This Online Gallery introduces the major belief (Shamanism), religion (Buddhism), and philosophy (Neo-Confucianism) that have shaped modern-day Korea in various ways.
Description: This Online Gallery introduces the major belief (Shamanism), religion (Buddhism), and philosophy (Neo-Confucianism) that have shaped modern-day Korea in various ways. It explores the range of works in the MFA’s renowned Korean collection, including ceramics, paintings, and sculptures. The images of artworks demonstrate connections between art and the important role of Shamanism, Buddhism, and Neo-Confucianism, which have influenced almost all aspects of Korean culture today.
Korea’s ancient shamanistic belief reflects its Siberian origins in the worshipping of natural phenomena such as the sun, moon, and mountains. Shamanism was widely practiced in early Korea during the Three Kingdoms period (57 BCE – 668 CE), until the arrival of Buddhism in the sixth century via China. Although Shamanism was gradually replaced by Buddhism and Neo-Confucianism, it is still practiced in contemporary Korea, particularly by women.
Buddhism originated in India around the fifth century BCE and reached the Korean peninsula around the sixth century CE. Despite its foreign roots, Buddhism came to be an influential political, religious, and cultural force through the three Korean kingdoms (57 BCE – 668 CE) and the Unified Silla period (668 - 936 CE). Buddhism was not only a religion and the way of life in Korea, but also an effective unifying force for the state.
With the establishment of the Joseon dynasty in 1392, Neo-Confucianism quickly replaced Buddhism, which had been a state-sanctioned religion for more than a thousand years. Although the new government officially rejected Buddhism, private worship and artistic production of Buddhism continued. Based on the moral and ethical teachings of Confucius (551-479 BCE), the Confucian philosophy dominated Korea from the fourteenth century. The legacy of Confucianism can still be seen in modern Korea, for example, in the respect shown for elders and education, as well as in the tendency for men to dominate society.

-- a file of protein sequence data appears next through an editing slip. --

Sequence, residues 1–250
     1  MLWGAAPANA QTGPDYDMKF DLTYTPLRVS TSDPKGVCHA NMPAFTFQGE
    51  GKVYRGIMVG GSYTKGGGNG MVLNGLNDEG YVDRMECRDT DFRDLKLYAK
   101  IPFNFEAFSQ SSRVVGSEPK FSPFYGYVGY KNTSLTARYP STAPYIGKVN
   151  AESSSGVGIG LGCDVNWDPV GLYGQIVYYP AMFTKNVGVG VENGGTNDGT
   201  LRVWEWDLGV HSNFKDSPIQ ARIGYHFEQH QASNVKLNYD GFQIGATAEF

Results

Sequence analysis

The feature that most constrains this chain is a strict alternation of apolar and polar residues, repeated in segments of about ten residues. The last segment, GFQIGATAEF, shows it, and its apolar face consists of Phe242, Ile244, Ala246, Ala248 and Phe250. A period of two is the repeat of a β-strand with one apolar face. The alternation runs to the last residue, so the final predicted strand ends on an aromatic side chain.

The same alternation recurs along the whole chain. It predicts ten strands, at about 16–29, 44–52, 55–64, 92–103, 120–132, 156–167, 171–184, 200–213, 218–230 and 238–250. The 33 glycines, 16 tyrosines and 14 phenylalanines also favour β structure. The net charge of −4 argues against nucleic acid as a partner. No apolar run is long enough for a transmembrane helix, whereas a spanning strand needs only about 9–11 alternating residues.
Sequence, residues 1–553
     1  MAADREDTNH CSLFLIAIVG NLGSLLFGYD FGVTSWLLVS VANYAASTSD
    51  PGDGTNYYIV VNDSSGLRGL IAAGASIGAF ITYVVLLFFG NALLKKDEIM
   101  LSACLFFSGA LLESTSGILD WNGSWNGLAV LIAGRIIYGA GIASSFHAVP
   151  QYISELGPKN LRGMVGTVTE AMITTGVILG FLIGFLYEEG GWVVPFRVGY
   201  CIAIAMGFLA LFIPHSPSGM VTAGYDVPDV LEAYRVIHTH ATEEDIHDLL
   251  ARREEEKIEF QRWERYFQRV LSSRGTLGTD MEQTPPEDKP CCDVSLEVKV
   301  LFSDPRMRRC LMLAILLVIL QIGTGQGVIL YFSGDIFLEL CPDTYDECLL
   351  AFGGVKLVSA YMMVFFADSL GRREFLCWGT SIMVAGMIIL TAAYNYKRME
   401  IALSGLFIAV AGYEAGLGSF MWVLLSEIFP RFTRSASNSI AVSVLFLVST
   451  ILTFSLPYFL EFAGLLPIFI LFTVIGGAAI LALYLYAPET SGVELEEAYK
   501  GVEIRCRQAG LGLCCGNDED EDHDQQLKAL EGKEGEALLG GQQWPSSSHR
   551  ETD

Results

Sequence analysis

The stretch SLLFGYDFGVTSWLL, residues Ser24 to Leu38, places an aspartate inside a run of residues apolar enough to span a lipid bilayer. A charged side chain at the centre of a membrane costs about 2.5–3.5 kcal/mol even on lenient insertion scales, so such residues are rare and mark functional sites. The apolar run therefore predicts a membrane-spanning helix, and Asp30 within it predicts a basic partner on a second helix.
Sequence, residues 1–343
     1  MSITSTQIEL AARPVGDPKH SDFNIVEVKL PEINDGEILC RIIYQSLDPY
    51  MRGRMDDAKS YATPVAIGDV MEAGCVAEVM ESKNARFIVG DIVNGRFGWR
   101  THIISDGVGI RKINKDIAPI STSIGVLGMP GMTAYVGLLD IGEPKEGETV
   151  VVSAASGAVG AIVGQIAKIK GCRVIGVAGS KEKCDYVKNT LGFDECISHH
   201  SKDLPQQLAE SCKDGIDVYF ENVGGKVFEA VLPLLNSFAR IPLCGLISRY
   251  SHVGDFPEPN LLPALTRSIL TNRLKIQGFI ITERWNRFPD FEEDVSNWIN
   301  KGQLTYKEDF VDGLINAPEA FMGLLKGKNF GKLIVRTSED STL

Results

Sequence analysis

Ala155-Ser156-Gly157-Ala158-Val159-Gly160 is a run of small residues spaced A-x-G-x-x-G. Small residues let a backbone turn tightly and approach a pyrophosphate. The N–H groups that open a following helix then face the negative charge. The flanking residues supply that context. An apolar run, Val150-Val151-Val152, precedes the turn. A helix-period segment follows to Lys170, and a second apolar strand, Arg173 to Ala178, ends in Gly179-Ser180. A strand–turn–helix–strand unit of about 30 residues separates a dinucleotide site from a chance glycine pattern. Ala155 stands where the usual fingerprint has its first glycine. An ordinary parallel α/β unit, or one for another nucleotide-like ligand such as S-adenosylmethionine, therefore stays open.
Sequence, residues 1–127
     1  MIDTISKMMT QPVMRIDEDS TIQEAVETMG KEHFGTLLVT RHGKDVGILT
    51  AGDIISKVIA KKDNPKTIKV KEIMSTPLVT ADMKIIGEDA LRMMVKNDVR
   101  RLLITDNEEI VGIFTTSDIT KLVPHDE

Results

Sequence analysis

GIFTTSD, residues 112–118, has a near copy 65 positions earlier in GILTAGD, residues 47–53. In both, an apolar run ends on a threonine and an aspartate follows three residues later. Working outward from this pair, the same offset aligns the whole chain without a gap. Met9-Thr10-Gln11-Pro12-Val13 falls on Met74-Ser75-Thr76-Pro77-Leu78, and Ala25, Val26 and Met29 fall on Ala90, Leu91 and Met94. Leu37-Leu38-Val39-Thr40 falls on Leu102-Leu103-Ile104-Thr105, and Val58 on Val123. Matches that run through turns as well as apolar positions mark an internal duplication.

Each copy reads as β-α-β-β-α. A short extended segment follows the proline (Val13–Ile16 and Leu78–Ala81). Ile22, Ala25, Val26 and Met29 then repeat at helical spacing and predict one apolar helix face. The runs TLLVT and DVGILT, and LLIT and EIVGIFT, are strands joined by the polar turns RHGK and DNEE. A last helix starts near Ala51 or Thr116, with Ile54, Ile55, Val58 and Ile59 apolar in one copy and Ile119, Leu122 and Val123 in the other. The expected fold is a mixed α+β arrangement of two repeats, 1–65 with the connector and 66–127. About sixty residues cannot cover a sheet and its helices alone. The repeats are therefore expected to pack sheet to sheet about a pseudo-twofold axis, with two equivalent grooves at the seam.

In addition to the basic concepts of Shamanism, Buddhism, and Neo-Confucianism in Korea, this Online Gallery offers an opportunity for students to learn about Korea’s geographical location and how it affected its religious and cultural development over two thousand years.
- The basic concept of Shamanism, Buddhism, and Neo-Confucian philosophy.
- The role of belief, religion, and philosophy in Korea’s artistic production.
- Various symbols used in religious art in Korea.
Using this Resource:
- Social Studies teachers and students will be interested in the historical and artistic developments of Shamanism, Buddhism, and Neo-Confucianism in Korea. This Online Gallery will also encourage students to cultivate a greater awareness of the religion and philosophy that are important to Asian language speaking cultures, including Korea.
- Art teachers and students will be interested in the methods, materials, and techniques used to make the objects utilized in Shamanist, Buddhist, and Confucian rituals and rites. This Online Gallery will also enable students to understand the use of symbols in art.
- Korean Language teachers and students will become knowledgeable in the religion and philosophy. Understanding the development of religion and philosophy will deepen the knowledge of cultural, social, and political aspects of Korean culture.
For sample related classroom activities, download the PDFs available under Related Resources. The objects in this lesson are just a beginning. We encorage you to explore the Museum's online collection through this web source -- or even better, to visit the Museum and walk through the physical galleries -- to look for other objects that will provide further insights into this topic.